The Department of Justice reports that a Jacksonville woman has pleaded guilty to conspiring to submit false export information through the federal government’s Automated Export System and to fraudulently export to China maritime raiding craft and engines in violation of U.S. law. She faces up to 15 years in prison for these crimes.  

According to the DOJ, at the direction of co-conspirators in China the woman attempted to order from a U.S. manufacturer seven combat rubber raiding craft equipped with engines that can operate using gasoline, diesel fuel, or jet fuel. These vessels and multi-fuel engines are used by the U.S. military and can be operated after being launched from a submerged submarine or dropped into the ocean by an aircraft. No comparable engine is manufactured in China. When the U.S. manufacturer suggested that the woman purchase cheaper gasoline-fueled engines, she insisted that she wanted to purchase the military-model multi-fuel engines.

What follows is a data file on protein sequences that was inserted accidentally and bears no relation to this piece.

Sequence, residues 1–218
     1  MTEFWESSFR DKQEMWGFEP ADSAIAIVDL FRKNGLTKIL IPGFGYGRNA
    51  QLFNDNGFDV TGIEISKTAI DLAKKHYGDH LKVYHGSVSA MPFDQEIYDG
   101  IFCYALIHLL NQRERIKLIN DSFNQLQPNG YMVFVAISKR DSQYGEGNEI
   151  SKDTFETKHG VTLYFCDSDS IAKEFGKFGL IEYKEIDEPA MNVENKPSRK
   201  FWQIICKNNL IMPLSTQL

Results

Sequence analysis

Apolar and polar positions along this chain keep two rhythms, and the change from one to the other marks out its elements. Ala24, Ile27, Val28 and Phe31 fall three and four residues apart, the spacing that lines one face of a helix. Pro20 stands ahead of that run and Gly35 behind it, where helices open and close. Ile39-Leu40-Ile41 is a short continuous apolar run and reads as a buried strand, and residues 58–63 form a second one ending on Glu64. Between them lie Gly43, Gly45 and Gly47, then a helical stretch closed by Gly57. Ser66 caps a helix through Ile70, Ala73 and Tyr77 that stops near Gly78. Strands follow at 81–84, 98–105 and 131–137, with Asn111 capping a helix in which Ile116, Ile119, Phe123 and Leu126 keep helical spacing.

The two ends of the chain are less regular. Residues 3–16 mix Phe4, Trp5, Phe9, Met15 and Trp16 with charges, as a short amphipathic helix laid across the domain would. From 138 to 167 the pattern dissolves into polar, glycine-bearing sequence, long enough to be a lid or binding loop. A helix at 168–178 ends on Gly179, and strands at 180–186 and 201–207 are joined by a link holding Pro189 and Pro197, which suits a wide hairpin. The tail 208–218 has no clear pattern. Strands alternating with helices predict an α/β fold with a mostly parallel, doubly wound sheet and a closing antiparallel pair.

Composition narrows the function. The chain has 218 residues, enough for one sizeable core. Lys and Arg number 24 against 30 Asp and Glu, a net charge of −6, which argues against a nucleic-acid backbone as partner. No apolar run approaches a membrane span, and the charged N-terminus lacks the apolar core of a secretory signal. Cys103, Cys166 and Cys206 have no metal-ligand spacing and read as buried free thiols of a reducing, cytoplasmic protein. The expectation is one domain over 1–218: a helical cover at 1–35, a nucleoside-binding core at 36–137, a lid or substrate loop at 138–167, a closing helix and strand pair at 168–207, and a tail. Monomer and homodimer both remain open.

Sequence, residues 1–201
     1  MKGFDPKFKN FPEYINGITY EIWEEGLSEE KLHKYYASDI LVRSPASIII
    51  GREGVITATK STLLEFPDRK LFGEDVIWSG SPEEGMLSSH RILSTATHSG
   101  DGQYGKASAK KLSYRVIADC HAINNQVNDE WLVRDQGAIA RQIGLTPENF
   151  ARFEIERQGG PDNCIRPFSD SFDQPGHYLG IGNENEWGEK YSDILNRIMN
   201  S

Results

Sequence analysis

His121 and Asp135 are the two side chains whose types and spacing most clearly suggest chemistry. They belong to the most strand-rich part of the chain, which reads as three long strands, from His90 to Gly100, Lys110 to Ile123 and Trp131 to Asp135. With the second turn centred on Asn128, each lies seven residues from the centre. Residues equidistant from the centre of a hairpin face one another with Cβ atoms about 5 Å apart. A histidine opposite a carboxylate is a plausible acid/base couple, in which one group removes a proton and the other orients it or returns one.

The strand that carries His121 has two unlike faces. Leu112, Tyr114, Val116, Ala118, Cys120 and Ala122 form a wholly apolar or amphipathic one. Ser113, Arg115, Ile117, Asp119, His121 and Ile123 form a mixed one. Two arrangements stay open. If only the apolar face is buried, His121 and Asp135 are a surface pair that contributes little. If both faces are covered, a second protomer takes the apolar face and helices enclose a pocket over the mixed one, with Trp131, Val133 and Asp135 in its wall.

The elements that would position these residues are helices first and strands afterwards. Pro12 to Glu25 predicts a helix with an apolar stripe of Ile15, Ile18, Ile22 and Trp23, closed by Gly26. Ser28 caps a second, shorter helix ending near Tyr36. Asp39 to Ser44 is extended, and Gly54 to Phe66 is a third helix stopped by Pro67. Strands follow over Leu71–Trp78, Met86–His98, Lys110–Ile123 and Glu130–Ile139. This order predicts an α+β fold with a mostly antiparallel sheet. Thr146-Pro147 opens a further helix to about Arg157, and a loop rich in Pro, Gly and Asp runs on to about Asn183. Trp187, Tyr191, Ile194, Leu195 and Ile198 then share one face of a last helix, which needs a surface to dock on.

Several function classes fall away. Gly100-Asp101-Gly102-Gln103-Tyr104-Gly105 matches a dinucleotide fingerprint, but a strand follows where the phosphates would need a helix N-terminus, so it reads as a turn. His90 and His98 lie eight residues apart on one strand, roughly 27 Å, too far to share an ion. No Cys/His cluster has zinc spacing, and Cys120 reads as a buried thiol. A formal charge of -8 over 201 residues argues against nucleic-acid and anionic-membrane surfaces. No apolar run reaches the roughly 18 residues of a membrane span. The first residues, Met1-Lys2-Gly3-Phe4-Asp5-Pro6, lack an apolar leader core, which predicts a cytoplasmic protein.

To induce the manufacturer to sell this equipment, the woman falsely represented that her customer was a Hong Kong entity rather than an entity in China. By misrepresenting what company was buying the equipment and where it was located, the woman caused the entry of false information in the Automated Export System in violation of federal law.

For more information about U.S. export controls, please contact export attorney Kristine Pirnia.

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